Bite Me: The Reason I Attract Vampire Rappers

The first rap I ever wrote won a talent show in summer camp when I was 10 years old. The song was called “We’re Fresh” and it was pretty horrible. Or maybe it was just really elementary. My cousin Dre Knight and I sang the repetitive chorus on stage rocking Hawaiian shirts on our way to victory. We beat a team of older dudes with better bars and flows…later on I found out that they borrowed some of their raps from Big Daddy Kane’s “Just Rhymin’ With Biz.”

At the time we didn’t know where their verses came from so when I heard a young kid spit, “If rap was a game I’d be MVP, most valuable poet on the m-i-c…” I figured we were cooked.

But as fate would have it, originality and the Hawaiian theme must have won over the judges. When we got back to school Dre bragged to everyone about how nice I was at rap.

Unfortunately I had not written another verse after that win, but the rep I had led to me being on the school bus one day with my classmates prompting me to rhyme. This was a very long time ago before a rap song entitled, “The Symphony” hit the mainstream. I don’t even know if it was released yet because my brother was working with Masta Ace and he may have given him an early copy which I dubbed and listened to everyday.

Masta_Ace_Incorporated-Born_To_Roll-CSSCsoft_copy__90026_zoom So with that said, when they asked me to rap, I knew that my bars from “We’re Fresh” were not going to raise any eyebrows…so I had to improvise.

Maybe it was something subconscious in my mind that told me that those guys we beat in that talent show had the right idea. Maybe I felt like it was all about impressing people first, then working on your craft later. That indecision and improvisation inspired me to borrow 8 bars from Big Daddy Kane’s killer closing verse from the aforementioned classic Juice Crew anthem,

“Setting it off, letting it off, beginning,

 rough to the ending, you never been in

to move the groove with the smooth rap lord:

like a bottle of juice, rhymes are being poured

down your ear, crisp and clear, as I prepare,

to wear, tear and smear, then I’m outta here…” 

The bus went crazy, I was considered great and my legend grew. That night I went home feeling the pressure and decided to write my own rhymes. The only positive thing that came from my thievery was that I actually believed I was good and my only hurdle was that I just hadn’t taken time to write. My first rap won a contest for God’s sake, it’s not like I needed to steal Kane’s verse. That was how I rationalized what I did. It didn’t make sense but it did set off my music career.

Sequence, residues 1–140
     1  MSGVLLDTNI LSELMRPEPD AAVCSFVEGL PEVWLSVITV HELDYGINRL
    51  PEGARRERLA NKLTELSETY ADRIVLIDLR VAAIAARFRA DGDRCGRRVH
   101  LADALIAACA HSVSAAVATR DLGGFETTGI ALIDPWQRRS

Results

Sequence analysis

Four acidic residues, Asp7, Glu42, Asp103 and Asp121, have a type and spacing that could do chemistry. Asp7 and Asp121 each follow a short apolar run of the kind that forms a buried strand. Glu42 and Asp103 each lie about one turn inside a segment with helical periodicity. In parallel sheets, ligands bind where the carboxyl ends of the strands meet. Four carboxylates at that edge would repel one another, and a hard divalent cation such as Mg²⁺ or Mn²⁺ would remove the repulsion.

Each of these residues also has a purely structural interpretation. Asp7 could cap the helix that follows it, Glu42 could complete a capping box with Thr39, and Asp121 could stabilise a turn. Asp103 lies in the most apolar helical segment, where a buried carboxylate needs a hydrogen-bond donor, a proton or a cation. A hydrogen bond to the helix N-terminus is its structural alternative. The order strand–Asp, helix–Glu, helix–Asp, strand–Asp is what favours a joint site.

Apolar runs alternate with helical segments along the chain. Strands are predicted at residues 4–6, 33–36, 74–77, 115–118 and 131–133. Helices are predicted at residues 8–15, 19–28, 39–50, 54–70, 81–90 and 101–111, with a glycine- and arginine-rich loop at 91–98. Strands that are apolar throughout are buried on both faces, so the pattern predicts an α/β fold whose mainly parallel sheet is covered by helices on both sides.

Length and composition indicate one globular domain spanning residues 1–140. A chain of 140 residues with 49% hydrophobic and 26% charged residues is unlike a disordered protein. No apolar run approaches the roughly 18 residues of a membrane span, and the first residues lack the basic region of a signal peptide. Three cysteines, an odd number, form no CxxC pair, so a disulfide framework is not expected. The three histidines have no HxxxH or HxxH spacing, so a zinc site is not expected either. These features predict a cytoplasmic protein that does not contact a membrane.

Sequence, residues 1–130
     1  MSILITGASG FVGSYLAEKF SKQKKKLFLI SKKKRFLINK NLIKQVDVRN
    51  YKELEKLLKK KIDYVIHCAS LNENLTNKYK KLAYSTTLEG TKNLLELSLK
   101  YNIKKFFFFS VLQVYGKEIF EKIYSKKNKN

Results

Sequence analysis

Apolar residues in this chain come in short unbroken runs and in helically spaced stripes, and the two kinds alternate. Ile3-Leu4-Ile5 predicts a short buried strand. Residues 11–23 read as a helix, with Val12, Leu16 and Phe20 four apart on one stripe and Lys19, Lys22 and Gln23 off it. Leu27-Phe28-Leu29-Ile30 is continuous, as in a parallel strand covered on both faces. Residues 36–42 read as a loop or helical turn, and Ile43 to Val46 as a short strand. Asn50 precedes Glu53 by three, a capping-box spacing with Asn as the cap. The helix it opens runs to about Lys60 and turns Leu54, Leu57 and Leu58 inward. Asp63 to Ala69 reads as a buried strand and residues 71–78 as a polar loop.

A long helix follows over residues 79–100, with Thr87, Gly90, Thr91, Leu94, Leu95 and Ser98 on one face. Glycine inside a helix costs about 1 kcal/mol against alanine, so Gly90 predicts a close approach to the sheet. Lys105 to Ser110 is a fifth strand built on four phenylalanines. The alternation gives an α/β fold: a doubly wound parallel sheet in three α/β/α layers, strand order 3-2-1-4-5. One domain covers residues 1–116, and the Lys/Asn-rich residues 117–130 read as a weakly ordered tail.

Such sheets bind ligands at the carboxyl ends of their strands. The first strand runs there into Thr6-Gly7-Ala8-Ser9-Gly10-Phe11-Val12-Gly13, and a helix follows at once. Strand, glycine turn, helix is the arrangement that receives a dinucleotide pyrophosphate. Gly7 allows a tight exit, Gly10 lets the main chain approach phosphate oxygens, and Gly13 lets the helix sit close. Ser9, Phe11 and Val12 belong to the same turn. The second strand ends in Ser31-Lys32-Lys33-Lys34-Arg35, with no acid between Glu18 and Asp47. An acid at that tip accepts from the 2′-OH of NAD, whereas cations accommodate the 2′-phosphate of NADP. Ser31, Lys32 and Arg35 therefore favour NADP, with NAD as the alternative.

Fast forward many years later and I am in the latter part of an independent music journey that started out mainstream and probably has one more undefined chapter left. Recently it came to my attention that a rap artist out of Sacramento took some of my lines and reused them as his own. I had never heard of the guy until it was brought to my attention on Twitter and my response to the news was simple: Not again?!

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How Hip-Hop Died Part 4: Loud Silence

How Hip-Hop Died Part 4: Loud Silence

Hip-hop started out in the park. Back in the days, every emcee that grabbed a mic had a different style, charisma, and objective. The “emcee” began as a party-starter and crowd warmer while the DJ manned the wheels. Although “The Message” was one of the earliest hit records, not everyone wanted to hear anything that contained food for thought. Storytelling, bravado, violence, and sex all became a part of the genre.

Rakim was one of the earliest soloists that sparked individualism and conversations about who was the best. He and Big Daddy Kane had an ongoing cold war for the crown for years.

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How Hip-Hop Died Part 1: “The Death Of The DJ”

How Hip-Hop Died Part 1 “The Death Of The DJ”

Every time I write about hip-hop or speak on it lately, I find myself drifting into a world of negativity. And I am not alone. Whenever my brethren and I get together we are reminiscing on the golden era or saying how much we don’t listen to the radio or don’t have any albums we’re looking forward to. Part of it is due to the fact that in those convos there are at least four out of ten people that wish they were on radio or MTV or whatever. The other interesting thing is that even if we were in a golden era right now, we wouldn’t recognize it.

But most of it is credited to an evolution of a genre that has grown up right before our eyes. It started out pure and different, it is one of the only art forms that can be used to address issues, inspire, express, tell stories and also humiliate. It became industrialized and calculated, but it is now making a desperate attempt to return to its roots as a voice of its followers. But is that possible? Is it too late? The answer is not simple, but first we must analyze the question. And that question is: How did it happen? How did hip-hop just become hip? Read the rest of this entry »

Monday Ramble #37 The Mystery Of Mister Cee

For the 2nd week in a row I’m putting up my ramble on Tuesday. Primarily because I partied Sunday night and got a late start and secondly I couldn’t decide if I wanted to promote our radio show on online dating tonight or talk about the most popular topic taking over barber shops, radio shows, basketball courts and chat rooms; the mystery of Mister Cee.